The Curriculum for Excellence was introduced by the Scottish Government in 2010 – 2011 and was meant to revolutionise education in Scotland by providing children and young people between the ages of 3-18 a coherent, more flexible and enriched curriculum (Education Scotland, undated). In addition, the curriculum includes the totality of experiences which are planned for children and young people through their education, wherever they are being educated. The CFE is meant to be a holistic and child centred curriculum very much like the Scandinavian education systems. However, why might this not be the case? This blog aims to investigate the CFE in a critical manner and this will be used as a comparison to Scandinavian approaches in countries such as Sweden.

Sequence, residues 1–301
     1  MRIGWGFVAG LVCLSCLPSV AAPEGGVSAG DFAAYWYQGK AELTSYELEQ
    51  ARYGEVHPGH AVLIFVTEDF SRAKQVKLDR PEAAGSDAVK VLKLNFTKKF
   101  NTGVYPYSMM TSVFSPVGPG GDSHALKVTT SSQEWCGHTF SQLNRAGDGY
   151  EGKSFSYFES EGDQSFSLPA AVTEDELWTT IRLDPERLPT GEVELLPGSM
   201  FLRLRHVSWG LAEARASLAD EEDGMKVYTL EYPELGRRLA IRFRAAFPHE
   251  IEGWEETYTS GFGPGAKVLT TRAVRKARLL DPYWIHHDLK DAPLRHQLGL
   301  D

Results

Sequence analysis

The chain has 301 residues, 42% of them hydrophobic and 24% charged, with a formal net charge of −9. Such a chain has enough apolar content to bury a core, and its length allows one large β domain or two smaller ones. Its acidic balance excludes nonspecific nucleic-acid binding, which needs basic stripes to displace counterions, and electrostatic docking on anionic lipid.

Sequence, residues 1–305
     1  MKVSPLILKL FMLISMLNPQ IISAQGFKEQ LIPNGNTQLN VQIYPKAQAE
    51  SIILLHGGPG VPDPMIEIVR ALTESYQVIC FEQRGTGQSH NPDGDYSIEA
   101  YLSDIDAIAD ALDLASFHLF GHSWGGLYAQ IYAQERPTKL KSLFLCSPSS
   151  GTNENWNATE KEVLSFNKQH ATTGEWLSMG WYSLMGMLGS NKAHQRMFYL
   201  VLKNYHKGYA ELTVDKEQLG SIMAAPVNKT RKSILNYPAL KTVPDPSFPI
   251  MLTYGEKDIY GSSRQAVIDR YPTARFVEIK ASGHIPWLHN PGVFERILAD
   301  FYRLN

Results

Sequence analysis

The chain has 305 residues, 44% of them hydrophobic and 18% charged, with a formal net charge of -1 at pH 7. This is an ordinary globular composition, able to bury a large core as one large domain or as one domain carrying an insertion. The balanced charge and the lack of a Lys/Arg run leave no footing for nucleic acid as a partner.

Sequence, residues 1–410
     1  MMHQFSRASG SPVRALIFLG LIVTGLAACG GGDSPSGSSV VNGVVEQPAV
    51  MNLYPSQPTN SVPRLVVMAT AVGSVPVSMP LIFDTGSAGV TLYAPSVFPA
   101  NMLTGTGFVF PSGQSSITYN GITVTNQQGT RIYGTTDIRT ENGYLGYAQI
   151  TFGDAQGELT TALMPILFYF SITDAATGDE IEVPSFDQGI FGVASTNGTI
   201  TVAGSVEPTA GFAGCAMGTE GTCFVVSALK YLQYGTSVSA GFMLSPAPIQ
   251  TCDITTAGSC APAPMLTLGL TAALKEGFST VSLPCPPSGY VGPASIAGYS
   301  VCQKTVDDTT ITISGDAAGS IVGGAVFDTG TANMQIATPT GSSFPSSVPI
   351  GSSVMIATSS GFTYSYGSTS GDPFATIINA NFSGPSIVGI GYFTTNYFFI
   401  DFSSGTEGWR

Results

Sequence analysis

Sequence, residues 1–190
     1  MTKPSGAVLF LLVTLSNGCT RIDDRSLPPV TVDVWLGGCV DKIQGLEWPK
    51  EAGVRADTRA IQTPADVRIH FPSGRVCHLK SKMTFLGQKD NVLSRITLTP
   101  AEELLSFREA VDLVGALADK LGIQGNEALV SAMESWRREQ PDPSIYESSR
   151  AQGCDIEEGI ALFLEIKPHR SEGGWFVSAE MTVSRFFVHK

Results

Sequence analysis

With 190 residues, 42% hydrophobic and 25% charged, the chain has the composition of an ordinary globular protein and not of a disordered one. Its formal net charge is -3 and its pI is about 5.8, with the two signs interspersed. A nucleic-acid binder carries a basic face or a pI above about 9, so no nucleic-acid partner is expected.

Lets travel back to the 1990’s where the 5-14 curriculum was implemented in Scottish schools. I very much remember being in lessons such as maths and English and completing my end of unit level C test. This was a very anxious time as testing was a fairly new concept to me but it now apparent to me that testing was done in order to raise attainment in schools. I distinctly remember some of my friends and classmates would deliberately take a sick day in order not to do the tests which, to me, felt wrong and, in the end, they would need to sit the tests when they came back. It made us feel anxious. As practitioners, it is important that our children are comfortable and feel safe in the school environment. Testing did not make me feel safe and comfortable because I did not want to fail. So why did it change? why was there a big push for a more holistic and child centred curriculum? The Scottish Government wanted to make guidelines more fit for their purpose by providing the right level of detail for teachers so they could maintain the current level of specificity where that makes sense. In addition, the CFE proposed to remove unnecessary detail from existing 5-14 guidelines in curriculum areas such as Expressive Arts and Environmental Studies to allow teachers more flexibility and scope to provide rich and varied experiences, and reduce the time spent on assessment. In addition, the Scottish Government wanted to bring the 3 to 5 and 5-14 curriculum guidelines together to ensure a smooth transition in what children have learned and also in how they learn. This will mean extending the approaches which are used in pre-school into the early years of primary, emphasising the importance of opportunities for children to learn through purposeful, well-planned play. This to me sounds fantastic as children can broaden their horizons through meaningful activities that incorporates play into their every day learning. However, how did the Scottish government come up with the idea to introduce this into the CFE? We need to look over to Scandinavian countries such as Sweden.